Tendons 300, 350, 400 all extend along the main body 20, from proximal end 30 to distal end 40, as it can be seen in FIGS. 3 and 4 of the drawings. Tendons 300, 350, 400 are adapted to be moved lengthways within the main body 20 therealong to drive the pliers 10, as will be described in detail below.

In the embodiment shown by way of example, tendons 300, 350, 400 of transmissions 100, 200 are each formed by three steel cables 500 having a circular cross-section arranged packaged within a sheath that encloses them (not shown) providing the necessary rigidity for working both to traction and to compression.

Several arrangements of the cables 500 in one tendon 300, 350, 400 are shown in FIGS. 2 and 4. FIG. 4 shows the various arrangements A, B, C of the cross-sectional geometries taken on by at least tendons 300, 350 associated with the first transmission 100. This variation in the cross-sectional geometry of tendons 300, 350 is defined by the arrangement or orientation of cables 500 forming each tendon. In the embodiment shown, the arrangement of cables 500 in tendons 300, 350 is such that, near the distal end 40 of the main body 20, tendons have their cross-sectional geometry changed as they advance lengthways towards the distal end 40 of main body 20 of the pliers 10. This variation in the cross-sectional geometry of tendon 300, 350 allows the rotational movement GA2, GA3 of the fingers 71, 72 of the jaws 70 around axis X in both directions and allows tendons 300, 350 associated with the first transmission 100 to be passed through the joint of the rotating body 60, as it will be described below.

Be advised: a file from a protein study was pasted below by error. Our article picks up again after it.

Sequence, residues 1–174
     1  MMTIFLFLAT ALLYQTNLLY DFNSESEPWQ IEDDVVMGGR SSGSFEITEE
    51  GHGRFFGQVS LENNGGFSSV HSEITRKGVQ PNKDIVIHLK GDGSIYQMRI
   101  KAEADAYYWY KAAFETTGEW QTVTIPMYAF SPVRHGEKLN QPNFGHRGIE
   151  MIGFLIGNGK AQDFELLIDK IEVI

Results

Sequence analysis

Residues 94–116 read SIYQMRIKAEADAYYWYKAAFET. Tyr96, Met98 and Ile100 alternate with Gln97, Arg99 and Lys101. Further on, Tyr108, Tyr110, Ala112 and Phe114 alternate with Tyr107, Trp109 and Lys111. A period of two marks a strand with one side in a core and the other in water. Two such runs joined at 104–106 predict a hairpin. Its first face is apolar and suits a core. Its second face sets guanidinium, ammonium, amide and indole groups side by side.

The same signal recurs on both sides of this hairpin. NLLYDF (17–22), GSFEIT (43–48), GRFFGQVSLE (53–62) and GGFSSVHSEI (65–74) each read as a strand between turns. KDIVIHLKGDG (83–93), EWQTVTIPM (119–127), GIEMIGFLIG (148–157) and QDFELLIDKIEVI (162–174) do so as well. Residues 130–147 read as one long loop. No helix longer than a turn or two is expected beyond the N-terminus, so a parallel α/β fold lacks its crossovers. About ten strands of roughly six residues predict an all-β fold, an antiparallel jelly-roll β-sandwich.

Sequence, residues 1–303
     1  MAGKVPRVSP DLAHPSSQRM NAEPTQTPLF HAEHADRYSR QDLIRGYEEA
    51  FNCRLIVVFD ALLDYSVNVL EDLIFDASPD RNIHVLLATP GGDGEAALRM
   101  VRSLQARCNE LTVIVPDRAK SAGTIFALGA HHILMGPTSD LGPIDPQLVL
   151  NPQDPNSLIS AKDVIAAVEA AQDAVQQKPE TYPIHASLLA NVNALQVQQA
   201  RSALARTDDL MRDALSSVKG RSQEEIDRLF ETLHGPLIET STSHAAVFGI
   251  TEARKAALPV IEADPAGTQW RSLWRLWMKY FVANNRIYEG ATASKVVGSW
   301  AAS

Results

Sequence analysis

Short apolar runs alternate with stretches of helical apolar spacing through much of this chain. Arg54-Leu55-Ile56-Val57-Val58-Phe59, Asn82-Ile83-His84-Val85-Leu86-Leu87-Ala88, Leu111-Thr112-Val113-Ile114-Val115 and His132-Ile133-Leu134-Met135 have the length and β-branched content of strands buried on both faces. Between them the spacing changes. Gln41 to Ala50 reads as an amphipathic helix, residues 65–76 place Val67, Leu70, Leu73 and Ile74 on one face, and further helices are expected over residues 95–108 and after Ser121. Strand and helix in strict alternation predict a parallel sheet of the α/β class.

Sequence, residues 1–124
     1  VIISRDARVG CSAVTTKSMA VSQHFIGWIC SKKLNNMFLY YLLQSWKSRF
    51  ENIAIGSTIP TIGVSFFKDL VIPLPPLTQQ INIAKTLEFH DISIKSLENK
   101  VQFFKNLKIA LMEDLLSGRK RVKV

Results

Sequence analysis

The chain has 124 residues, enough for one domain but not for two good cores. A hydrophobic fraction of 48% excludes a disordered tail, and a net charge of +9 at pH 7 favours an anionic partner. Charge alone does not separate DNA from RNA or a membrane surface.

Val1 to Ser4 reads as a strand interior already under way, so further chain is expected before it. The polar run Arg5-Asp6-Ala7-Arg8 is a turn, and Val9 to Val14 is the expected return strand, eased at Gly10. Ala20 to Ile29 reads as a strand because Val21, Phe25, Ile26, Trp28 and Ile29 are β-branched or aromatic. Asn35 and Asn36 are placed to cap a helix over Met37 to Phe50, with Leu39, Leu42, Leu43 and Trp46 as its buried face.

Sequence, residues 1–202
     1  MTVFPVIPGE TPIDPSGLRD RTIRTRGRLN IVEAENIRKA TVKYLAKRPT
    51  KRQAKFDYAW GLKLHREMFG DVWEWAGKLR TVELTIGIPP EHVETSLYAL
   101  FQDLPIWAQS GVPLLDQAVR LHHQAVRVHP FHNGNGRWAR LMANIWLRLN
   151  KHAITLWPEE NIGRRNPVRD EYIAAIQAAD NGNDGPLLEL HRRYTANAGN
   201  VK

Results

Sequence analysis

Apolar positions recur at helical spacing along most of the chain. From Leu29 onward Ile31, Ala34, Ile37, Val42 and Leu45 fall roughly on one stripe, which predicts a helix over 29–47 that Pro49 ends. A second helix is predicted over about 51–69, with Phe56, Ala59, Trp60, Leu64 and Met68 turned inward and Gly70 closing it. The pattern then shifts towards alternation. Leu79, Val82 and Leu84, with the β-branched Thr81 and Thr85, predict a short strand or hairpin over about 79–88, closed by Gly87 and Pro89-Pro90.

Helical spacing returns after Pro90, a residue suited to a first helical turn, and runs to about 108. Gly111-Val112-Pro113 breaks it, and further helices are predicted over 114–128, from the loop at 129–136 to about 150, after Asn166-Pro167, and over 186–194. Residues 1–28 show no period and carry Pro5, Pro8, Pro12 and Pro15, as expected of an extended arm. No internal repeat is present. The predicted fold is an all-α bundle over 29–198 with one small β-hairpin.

The variation in the cross-sectional geometry of each tendon 300, 400 will be described below with reference to FIG. 4 of the drawings. The cross-sectional geometry of each tendon 300, 350 is changed twice on its path, so there is a first cross-sectional geometry arrangement A of tendon 300, 350, a second cross-sectional geometry arrangement B of tendon 300, 350, and a third cross-sectional geometry arrangement C of tendon 300, 350. Arrangements A, B and C are schematically shown in FIG. 4.

According to FIG. 4, in most of the length of the main body 20 tendons 300, 350 run with their respective cables 500 arranged radially from the proximal end 30 to the distal end 40. This radial arrangement of the cables 500 is achieved by a substantially triangular arrangement thereof, as seen in cross-section, defining a substantially circular shape for the first cross-sectional geometry arrangement A of tendon 300, 350. Near the distal end 40 of the main body 20, the cross-sectional geometry of the same tendon 300, 350 is changed from a first arrangement of cables 500 (radially) with their longitudinal axes triangularly distributed into a second arrangement B with their longitudinal axes aligned in a first orientation, horizontally aligned, as seen in cross-section such as shown in FIG. 4. Finally, the cross-sectional geometry of tendon 300, 350 is changed again from this second arrangement B of the cables 500 (in the first orientation, with their longitudinal axes aligned horizontally) into an arrangement in which said longitudinal axes are aligned in a second orientation, thus defining a third arrangement C of the cross-sectional geometry of tendon 300, 350, as shown in FIG. 4. For the disclosed embodiment, the first orientation in the second arrangement B of the cross-section of tendon 300, 350 forms an angle of substantially 90° to the second orientation of the third arrangement C of the cross-section of the tendon 300, 350. Therefore, the third arrangement C of the cross-section of tendon 300, 350 corresponds to one in which its cables 500 are arranged vertically aligned, as seen in cross-section, as shown seen in FIG. 4.